Google on Wednesday unveiled plans to install its first backup battery at a data center, with ambitions to use the project as a test case for grid service applications.

The 3-megawatt, 2-hour-duration battery will be installed at a Google data center in Belgium, a location selected because its market has policies that allow batteries to provide frequency regulation to the grid. Google is already experimenting with load-shifting on a pilot scale.

Google has matched its overall electricity consumption with 100 percent renewable energy purchases since 2017. The battery installation is designed to help Google on its quest to meet round-the-clock electricity demand with carbon-free sources by 2030. In addition to providing clean backup, batteries also have the potential to bring back value, said Maud Texier, Google’s lead for carbon-free energy.

“This is really not a technology pilot; this is really more of an operational pilot,” said Texier. “We want to demonstrate that there is a business case. Batteries are cost-competitive today…[and] there is an economic incentive for customers such as us… to become active participants in the grid.”

Generators sit beside data centers across the world, ready to keep them running in case of electricity outages. Currently, data centers account for about 20 gigawatts of diesel generators deployed around the globe, Google estimates (the tech company declined to quantify its share of that total).

If those users switch data center backup to batteries, it could drive some storage demand. But this announcement is more about potential value creation than upside for the battery market, said Dan Finn-Foley, head of energy storage at consultancy Wood Mackenzie.  

“If the Googles, Microsofts and Amazons of the world are willing to pay a premium [for] cleaner backup generation, then it may well accelerate the uptake of storage by providing one more layer to drive the economics into the black,” said Dan Finn-Foley.

Data center backup power for grid services: A long road to realization

The push to use data center backup power systems as vessels for grid services contracts has been around for at least a decade. In 2011, Greentech Media reported on a partnership between utility Dominion and Power Assure, an energy management software startup that planned to use data centers as grid assets to bolster efficiency. The company dissolved in 2014.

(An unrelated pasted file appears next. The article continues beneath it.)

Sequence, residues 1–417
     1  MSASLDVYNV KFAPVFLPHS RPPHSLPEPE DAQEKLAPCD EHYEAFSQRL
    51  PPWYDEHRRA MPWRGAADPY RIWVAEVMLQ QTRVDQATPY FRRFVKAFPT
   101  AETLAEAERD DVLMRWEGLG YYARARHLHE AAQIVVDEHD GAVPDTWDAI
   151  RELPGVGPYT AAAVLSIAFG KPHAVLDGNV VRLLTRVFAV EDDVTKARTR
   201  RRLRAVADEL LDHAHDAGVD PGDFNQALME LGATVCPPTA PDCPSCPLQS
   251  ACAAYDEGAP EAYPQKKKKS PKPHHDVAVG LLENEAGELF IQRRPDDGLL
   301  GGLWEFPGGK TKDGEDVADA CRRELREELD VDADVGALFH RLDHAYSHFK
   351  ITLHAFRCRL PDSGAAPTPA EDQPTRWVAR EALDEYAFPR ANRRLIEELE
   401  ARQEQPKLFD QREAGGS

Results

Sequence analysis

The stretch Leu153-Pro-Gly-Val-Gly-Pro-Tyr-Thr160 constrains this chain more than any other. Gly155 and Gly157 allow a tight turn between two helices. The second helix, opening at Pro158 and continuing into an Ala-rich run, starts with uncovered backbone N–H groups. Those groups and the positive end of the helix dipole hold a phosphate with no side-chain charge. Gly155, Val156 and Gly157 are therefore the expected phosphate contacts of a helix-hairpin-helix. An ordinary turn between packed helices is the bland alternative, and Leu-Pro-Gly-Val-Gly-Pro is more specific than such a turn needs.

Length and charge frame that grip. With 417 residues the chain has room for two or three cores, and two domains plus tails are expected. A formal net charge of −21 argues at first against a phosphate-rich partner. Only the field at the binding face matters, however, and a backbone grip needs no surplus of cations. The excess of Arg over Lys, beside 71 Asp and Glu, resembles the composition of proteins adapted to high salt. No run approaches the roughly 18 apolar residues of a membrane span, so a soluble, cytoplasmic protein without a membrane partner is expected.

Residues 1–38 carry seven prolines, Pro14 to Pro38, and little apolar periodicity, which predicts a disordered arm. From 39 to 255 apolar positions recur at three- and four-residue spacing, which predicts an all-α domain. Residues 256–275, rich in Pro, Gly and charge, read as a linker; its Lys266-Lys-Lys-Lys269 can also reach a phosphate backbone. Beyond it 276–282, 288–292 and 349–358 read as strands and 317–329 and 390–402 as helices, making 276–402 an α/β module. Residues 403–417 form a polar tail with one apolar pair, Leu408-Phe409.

Bloom Energy fuel cells have supplied customers such as Apple. Microsoft has dabbled in batteries, and more recently, green hydrogen to provide backup at its data centers. None of these applications has become widespread.

All the while, large tech companies have become some of the biggest buyers of clean energy in the world. Models suggest that data centers account for about 1 percent of global electricity use, and more companies are working to power them with renewables. That demand has allowed companies such as Google to shape markets; the tech giant has already joined the Midcontinent Independent System Operator and the Southwest Power Pool. The company’s latest move into grid services could wield similar influence if it grows beyond the pilot.

“One of the cooler elements of this is the complete reversal in business models. Data companies are huge consumers of electricity. A movement toward renewables-plus-storage as backup could flip it so they are some of the largest generators and service providers on the grid,” said Finn-Foley. “If your job is to sell the electricity, it must be unnerving to watch one of your biggest customers becoming a competitor instead.”

The project, as it stands, is on a small scale; Google still plans to use diesel generators in tandem with the battery. But if it becomes a repeatable and widespread model, the company’s growing influence in the energy industry could help spur “a new paradigm where storage on the grid enables more renewables, rather than a build-out of renewables encouraging more storage,” said Finn-Foley.

In reporting on its environmental targets, Google does not break out emissions from generators, which run infrequently, Texier said. And the company’s total Scope 1 emissions, those that encompass direct emissions including onsite diesel generators, account for a fraction of Google’s overall emissions.

Replacing those generators with clean energy technologies will not significantly cut the company’s emissions, said Texier. But Google is hoping to use the shift to demonstrate a change in how backup systems can be designed.

“We're really trying to look at those backup systems as more like an opportunity,” said Texier. “We need backup capacity onsite. How can we make the most of them, when they are sitting idle most of the time, for carbon-free energy and other sustainability efforts that also support operations down the line?”